Robeson's travels opened his awareness to the universality of human suffering and oppression. He began to use his rich bass voice to speak out for independence, freedom, and equality for all people. He believed that artists should use their talents and exposure to aid causes around the world. "The artist must elect to fight for freedom or slavery. I have made my choice," he said. This philosophy drove Robeson to Spain during the civil war, to Africa to promote self-determination, to India to aid in the independence movement, to London to fight for labor rights, and to the Soviet Union to promote anti-fascism. It was in the Soviet Union where he felt that people were treated equally. He could eat in any restaurant and walk through the front doors of hotels, but in his own country he faced discrimination and racism everywhere he went.

    While Robeson's activist role increased abroad, he met dissent and intimidation in the United States. Rioters at his concert at Peekskill, New York in 1949 smashed the stage, torched chairs, attacked concertgoers, and threatened Robeson's life. His outspokenness about human rights and his pro-Soviet stance made Robeson a prime target of militant anticommunists. In 1950 the State Department revoked his passport, thereby denying his right to travel and, ultimately, to earn income abroad. Robeson fought this injustice for years vigorously but with no success. He repeatedly applied for reinstatement of his passport but was turned down. He filed a lawsuit against the State Department and faced discouraging delays, adverse decisions, and rejected appeals. Yet Robeson stuck to his principles and refused to swear an affidavit that he was not a Communist. "Whether I am or not a Communist is irrelevant," he told the House Un-American Activities Committee in 1956.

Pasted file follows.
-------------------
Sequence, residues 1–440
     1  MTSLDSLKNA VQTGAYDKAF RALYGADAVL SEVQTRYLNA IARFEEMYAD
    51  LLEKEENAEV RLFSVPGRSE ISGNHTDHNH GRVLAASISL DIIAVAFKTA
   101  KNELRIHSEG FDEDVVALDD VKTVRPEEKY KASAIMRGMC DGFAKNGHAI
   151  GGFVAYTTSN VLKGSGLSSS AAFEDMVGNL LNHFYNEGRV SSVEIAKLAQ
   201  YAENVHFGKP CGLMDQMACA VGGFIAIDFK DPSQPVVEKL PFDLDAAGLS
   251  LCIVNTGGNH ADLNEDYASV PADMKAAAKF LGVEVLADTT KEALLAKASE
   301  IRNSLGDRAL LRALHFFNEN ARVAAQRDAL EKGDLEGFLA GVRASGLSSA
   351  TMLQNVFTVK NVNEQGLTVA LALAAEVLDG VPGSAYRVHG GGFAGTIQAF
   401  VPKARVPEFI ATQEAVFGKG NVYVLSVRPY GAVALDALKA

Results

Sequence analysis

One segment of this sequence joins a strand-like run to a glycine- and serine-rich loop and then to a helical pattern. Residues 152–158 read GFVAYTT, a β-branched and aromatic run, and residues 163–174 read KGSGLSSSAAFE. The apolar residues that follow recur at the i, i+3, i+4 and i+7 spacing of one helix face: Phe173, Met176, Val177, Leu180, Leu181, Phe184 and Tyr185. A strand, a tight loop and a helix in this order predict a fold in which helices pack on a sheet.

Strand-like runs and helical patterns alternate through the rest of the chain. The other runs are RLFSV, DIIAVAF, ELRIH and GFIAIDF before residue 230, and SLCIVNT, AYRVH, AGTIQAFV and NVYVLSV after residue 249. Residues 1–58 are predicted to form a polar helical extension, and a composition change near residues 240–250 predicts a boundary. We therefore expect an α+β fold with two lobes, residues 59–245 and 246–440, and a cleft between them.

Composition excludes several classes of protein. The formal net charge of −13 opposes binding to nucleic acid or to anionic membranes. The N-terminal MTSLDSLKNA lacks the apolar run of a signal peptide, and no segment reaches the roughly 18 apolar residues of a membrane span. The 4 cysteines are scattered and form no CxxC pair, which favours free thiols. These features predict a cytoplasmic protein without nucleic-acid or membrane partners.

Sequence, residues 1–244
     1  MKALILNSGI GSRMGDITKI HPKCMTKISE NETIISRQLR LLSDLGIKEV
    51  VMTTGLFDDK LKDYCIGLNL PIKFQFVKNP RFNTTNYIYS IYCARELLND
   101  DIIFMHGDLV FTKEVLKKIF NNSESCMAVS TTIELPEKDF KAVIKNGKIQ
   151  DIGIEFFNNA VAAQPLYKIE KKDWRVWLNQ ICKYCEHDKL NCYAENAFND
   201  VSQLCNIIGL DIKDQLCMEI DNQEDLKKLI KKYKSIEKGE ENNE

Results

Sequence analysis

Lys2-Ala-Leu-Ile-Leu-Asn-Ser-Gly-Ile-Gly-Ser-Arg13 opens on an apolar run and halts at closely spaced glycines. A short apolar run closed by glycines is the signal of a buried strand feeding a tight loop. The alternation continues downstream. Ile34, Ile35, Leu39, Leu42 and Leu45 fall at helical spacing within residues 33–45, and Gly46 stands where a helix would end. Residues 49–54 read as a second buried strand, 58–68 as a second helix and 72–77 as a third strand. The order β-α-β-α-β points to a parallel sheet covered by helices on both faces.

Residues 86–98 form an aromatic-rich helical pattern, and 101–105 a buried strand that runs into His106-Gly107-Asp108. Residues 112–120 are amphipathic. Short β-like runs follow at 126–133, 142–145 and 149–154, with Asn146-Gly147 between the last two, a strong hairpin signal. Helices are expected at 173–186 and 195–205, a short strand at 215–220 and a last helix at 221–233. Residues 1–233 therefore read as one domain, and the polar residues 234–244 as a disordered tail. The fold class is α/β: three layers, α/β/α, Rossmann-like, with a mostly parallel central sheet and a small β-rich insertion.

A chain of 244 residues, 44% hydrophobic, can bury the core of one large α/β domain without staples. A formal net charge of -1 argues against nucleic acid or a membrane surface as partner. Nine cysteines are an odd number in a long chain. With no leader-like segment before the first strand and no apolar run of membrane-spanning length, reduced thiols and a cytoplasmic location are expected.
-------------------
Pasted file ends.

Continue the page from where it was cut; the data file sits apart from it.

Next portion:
"The question is whether American citizens, regardless of their political beliefs or sympathies, may enjoy their constitutional rights."
    In 1958 the U.S. Supreme Court finally agreed, ruling that the State Department could not deny citizens the right to travel because of their political beliefs or affiliations.

    To celebrate, Robeson gave his first New York concert in a decade at a sold-out Carnegie Hall. But the years of struggle had taken a personal and professional toll. Negative public response and the ban on his travel led to the demise of his career. Before the 1950s, Robeson was one of the world's most famous entertainers and beloved American heroes--once being named "Man of the Year" by the National Association for the Advancement of Colored People. Despite all his accomplishments, Paul Robeson remains virtually ignored in American textbooks and history. The activities here are designed to introduce students to Paul Robeson and his many accomplishments and to address the issue of individual freedom versus national security."